Six months away from retirement while in pursuit of a brutal gang of jewel thieves Police Commissioner Joss (Jean Gabin) is dismayed to find a close friend and colleague dead in an obviously faked suicide. Deducing the two cases are connected with criminal mastermind Quinquin (André Pousse) ruthlessly eliminating his own gang, Commissioner Joss convinces Nathalie Vilar (Dany Carrel), his late friend's mistress and sister of one of the slain jewel thieves, to help lure the killer into a trap, blurring the lines between justice and revenge.
In 1968 superstar Steve McQueen and director Peter Yates birthed the modern American cop thriller with their iconic Bullitt. Around the same time Le Pacha had much the same impact in France, eschewing the romanticism of traditional crime pictures for an uncompromising, edgier approach. On initial release critics chastened the film for perceived vulgarities including its stark violence and irreverent, slang-laden street dialogue that became the stock-in-trade of co-screenwriter Michel Audiard. Even the (typically lewd) song lyrics by the great Serge Gainsbourg who makes a cameo actually recording the theme tune onscreen! Nevertheless Le Pacha was a huge hit for co-writer-director Georges Lautner, more or less setting the template for the policier genre throughout French cinema for the ensuing decade and a half.
Adapted from the novel ""Pouce!" by Jean Laborde, also source author for Lautner's later thriller Death of a Corrupt Man (1977), Le Pacha centres on a protagonist miles apart from McQueen's maverick hipster cop. Legendary French actor Jean Gabin amps up the world-weariness already established in his outings as Inspector Maigret, adding layers of existential ennui to Commissioner Joss' search for truth and justice in a disordered and often despairing world. Lautner uses Gabin's status as elder statesman of French cinema to serve as an onscreen counterpoint and comment upon societal changes and the escalation of violent crime. In a world bereft of honour and moral certainty Joss reaches the conclusion that justice is beyond his reach and settles for revenge instead. This leads to a finale both satisfying and morally ambiguous. Shot in autumnal, steely-blue hues, Le Pacha, along with the films of Jean-Pierre Melville, defined the look of modern policiers. Thanks to screenings in American art-houses and occasionally grindhouses these films went on to influence the look of a generation of Hollywood crime thrillers. Notably the films of Michael Mann.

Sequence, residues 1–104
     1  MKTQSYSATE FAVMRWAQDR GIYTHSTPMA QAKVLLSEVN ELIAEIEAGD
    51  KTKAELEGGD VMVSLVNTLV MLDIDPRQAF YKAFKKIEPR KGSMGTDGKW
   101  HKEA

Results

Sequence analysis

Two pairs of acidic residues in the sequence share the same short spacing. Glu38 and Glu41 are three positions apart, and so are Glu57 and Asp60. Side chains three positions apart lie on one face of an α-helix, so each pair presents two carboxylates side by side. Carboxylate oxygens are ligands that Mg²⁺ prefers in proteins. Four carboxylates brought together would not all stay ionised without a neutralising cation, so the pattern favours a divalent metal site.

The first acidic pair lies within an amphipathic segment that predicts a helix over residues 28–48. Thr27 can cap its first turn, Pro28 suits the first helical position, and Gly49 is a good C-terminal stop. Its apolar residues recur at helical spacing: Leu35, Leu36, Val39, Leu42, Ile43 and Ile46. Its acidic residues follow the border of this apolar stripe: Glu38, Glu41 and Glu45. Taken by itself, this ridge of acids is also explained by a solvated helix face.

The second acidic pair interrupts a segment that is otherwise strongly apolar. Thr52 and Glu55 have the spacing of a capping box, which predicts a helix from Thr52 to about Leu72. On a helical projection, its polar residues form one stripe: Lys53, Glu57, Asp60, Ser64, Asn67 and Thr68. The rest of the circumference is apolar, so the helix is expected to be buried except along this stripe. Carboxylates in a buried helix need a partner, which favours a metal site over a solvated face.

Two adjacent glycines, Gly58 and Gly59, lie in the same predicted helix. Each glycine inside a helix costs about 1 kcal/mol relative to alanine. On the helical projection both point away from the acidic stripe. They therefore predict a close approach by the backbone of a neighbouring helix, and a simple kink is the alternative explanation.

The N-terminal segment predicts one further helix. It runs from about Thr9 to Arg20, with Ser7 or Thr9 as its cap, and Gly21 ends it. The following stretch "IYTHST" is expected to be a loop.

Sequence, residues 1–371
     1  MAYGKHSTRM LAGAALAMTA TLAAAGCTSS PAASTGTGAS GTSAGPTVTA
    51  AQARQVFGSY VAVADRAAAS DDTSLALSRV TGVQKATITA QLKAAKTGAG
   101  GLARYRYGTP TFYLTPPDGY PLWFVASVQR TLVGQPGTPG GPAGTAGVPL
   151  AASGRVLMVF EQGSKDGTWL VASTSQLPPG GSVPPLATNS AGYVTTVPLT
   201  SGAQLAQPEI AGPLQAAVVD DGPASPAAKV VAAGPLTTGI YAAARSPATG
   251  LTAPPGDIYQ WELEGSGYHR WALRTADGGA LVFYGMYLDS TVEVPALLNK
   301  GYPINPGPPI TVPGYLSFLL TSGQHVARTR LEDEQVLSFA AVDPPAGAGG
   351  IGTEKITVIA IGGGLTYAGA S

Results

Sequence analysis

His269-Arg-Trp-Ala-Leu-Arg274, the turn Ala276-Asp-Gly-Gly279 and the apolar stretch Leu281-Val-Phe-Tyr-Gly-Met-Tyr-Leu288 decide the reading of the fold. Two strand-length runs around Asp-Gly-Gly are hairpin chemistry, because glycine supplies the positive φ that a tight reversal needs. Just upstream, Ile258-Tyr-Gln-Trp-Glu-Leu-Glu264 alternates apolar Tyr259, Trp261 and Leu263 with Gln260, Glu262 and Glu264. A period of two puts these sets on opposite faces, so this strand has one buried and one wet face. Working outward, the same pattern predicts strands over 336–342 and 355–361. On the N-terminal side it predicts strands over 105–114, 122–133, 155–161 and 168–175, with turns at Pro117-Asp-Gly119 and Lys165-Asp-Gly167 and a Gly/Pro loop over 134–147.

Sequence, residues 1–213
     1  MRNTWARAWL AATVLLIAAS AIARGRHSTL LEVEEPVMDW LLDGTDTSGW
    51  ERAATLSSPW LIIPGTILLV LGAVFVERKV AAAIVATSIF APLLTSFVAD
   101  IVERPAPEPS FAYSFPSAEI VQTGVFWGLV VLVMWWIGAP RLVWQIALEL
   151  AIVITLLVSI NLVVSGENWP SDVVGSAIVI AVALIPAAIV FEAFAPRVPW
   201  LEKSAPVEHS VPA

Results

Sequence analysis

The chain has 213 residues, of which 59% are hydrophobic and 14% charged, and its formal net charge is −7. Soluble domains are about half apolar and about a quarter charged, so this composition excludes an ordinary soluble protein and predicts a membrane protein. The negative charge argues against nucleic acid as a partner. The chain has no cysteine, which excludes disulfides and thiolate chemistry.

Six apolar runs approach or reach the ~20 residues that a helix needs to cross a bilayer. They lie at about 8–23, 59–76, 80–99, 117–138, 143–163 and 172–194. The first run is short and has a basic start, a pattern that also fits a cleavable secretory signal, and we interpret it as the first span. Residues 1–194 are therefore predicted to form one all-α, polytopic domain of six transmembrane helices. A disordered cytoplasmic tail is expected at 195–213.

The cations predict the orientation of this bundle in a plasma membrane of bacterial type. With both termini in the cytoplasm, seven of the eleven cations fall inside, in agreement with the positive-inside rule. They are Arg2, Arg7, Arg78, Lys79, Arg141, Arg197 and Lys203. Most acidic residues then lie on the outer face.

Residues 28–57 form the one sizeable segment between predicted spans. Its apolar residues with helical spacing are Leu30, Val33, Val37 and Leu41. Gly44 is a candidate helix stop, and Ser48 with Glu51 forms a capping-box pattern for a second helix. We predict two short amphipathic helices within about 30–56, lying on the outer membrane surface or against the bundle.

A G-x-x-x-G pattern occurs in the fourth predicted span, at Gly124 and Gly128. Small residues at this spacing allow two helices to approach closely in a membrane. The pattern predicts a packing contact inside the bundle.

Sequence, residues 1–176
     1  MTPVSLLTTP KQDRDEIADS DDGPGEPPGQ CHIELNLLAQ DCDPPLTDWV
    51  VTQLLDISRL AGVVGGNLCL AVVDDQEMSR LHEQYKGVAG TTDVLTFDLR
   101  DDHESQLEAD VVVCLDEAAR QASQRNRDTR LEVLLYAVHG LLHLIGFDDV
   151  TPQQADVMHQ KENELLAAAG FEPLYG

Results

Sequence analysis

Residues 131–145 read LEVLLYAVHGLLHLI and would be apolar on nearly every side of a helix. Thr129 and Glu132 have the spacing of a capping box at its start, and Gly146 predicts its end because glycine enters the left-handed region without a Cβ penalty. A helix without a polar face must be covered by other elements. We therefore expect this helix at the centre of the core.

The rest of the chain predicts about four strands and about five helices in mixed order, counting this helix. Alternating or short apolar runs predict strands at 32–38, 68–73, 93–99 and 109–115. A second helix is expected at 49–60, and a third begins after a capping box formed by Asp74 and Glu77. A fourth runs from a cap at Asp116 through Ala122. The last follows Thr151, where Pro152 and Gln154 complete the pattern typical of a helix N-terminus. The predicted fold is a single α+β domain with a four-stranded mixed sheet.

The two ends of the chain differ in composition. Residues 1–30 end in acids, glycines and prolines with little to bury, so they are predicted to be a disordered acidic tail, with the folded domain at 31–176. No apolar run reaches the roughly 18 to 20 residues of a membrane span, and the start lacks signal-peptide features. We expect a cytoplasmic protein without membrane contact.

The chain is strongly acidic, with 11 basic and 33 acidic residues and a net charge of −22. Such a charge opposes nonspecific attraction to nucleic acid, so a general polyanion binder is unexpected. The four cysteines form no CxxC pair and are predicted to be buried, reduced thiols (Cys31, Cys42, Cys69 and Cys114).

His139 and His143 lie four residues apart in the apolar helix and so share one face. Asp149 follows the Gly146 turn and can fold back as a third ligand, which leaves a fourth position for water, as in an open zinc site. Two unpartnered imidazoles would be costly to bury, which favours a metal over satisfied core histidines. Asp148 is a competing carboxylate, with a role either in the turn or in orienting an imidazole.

Lautner's precision handling of the various suspense sequences masterfully mounts then sustains tension. Most often through the use of disorientating P.O.V. shots during Quinquin's murders. These leave the viewer feeling almost complicit in his crimes. Breaking away from the cold intensity of the majority of its visuals, the film also features a fun psychedelic nightclub scene comparable to a similar sequence in Don Siegel's Clint Eastwood cop vehicle Coogan's Bluff (1968) (sexy Dany Carrel's stylish mod outfits are another visual highpoint). Here surrounded by blaring sitars, topless body-painted go-go dancers and hippies grooving on the dance floor, Gabin's greying paternal authority seems even more out of place. Underlining the film's acknowledgement of old values eroding through the changing times.